Spaceflight Insider

Soyuz Epoch? Trampolines?: Review of recent Russian space accidents

Soyuz Progress spacecraft failure International Space Station ISS NASA photo posted on SpaceFlight Insider

A Russian Progress spacecraft arrives at the International Space Station (Archive Photo). Photo Credit: NASA

“Pride goeth before destruction, and an haughty spirit before a fall.” That’s the warning that has been handed down from the Bible since far in humanity’s past. Perhaps members of the Russian government, or at least those who speak for the efforts of the Russian Federal Space Agency, Roscosmos, should take these words into closer consideration. In the past few days alone, a Russian Proton Briz-M booster failed to deploy the MexSat-1 satellite and the Russian Progress M-26M positioned at the International Space Station (ISS) failed to boost the orbiting laboratory during a scheduled firing, requiring a second try. These two incidents come at a time of numerous failures on an array of Russian-produced systems.

As this website noted recently in April 2015, the United States’ “partners” on the space station, Roscosmos, responded not with notations of honor as NASA’s 30-year Space Shuttle program conducted its final wheelstop, but with some self promotion – they referred to this new era as the “Soyuz Epoch”!

After Russia became involved militarily in the Crimean crisis of 2014, the United States imposed several sanctions on Russia, including sanctions on several individuals. Russian Deputy Prime Minister Dmitry Rogozin was one of seven people who had executive sanctions placed on them by President Barack Obama. Rogozin was also placed on Canadian and European sanction lists.

His Twitter-based retort to this turn of events was that the United States could send astronauts to the ISS via trampoline instead. His comments must be brought under scrutiny considering recent events. Below is a detailed list of 16 Russian launch failures, from 2011 to today, which help to illustrate the reality of the situation. Some are Roscosmos specifically; some are other Russian space endeavors, like Sea Launch.

Russian Deputy Prime Minister Dmitry Rogozin's original tweet about taking trampolines to the ISS. Image Credit: Twitter (screenshot)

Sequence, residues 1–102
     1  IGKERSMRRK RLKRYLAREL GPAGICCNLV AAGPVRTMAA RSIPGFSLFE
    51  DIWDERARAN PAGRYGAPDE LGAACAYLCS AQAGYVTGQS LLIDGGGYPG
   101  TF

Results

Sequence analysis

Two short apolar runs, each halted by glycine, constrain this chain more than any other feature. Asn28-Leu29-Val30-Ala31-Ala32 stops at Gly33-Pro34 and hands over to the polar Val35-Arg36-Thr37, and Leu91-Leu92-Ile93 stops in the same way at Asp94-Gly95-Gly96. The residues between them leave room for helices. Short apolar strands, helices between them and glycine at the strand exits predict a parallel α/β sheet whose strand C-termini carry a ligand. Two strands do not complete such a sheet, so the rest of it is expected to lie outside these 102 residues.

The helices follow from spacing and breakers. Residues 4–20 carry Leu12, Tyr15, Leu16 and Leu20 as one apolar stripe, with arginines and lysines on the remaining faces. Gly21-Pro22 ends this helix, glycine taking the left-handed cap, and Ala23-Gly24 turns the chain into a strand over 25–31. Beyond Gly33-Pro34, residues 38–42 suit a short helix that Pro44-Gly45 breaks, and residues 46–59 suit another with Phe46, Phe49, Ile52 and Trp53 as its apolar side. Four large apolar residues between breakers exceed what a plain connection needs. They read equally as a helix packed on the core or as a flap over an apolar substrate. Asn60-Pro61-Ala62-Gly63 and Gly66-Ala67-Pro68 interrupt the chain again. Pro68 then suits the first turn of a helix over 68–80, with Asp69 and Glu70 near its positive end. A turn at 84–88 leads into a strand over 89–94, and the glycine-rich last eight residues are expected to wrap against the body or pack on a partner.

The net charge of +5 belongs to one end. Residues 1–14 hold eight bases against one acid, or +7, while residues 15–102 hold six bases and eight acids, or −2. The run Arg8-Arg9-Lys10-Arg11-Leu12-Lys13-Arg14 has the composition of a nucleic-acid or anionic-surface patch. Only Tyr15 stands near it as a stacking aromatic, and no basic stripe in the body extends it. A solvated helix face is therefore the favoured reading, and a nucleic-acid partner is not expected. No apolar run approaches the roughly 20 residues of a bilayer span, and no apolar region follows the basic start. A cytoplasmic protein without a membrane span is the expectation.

Russian Deputy Prime Minister Dmitry Rogozin’s original tweet about using trampolines to get to the ISS. Image Credit: Twitter (screenshot)

• Feb. 1, 2011, Plesetsk — Rokot with Kosmos 2470 satellite – the satellite reached lower orbit than planned after Briz-KM upper stage malfunction. It was caused by the failure of the flight control system. The spacecraft re-entered Earth’s atmosphere on July 15, 2013.

• Aug. 18, 2011, Baikonur — Proton-M with the Ekspress AM4 satellite – the satellite was placed into a wrong orbit by a faulty Briz-M upper stage, caused by a malfunction in the flight control system. The satellite de-orbited on March 28, 2012.

• Aug. 24, 2011, Baikonur — Soyuz-U with Progress M-12M spacecraft – a malfunction was detected in the RD-0110 engine powering the Block I third stage. The spacecraft failed to reach the orbit and re-entered over Russia. The failure was caused by a blocked fuel duct, which caused the engines to shutdown prematurely.

• Nov. 8, 2011, Baikonur — Zenit-2SB with Fobos-Grunt spacecraft – the spacecraft failed to ignite the propulsion module, went into safe mode and remained in low earth orbit. The failure was caused by a programming error which led to a simultaneous reboot of two working channels of an onboard computer. The spacecraft re-entered the atmosphere over the Pacific Ocean on Jan. 15, 2012.

• Dec. 23, 2011, Plesetsk — Soyuz-2.1b with Meridian 5 satellite – an anomaly occurred during the third stage flight which prevented the rocket from reaching orbit. It is believed that an onboard explosion caused the failure. Debris from the launch fell over Siberia. One piece of debris fell through the roof of a house. No injuries were reported.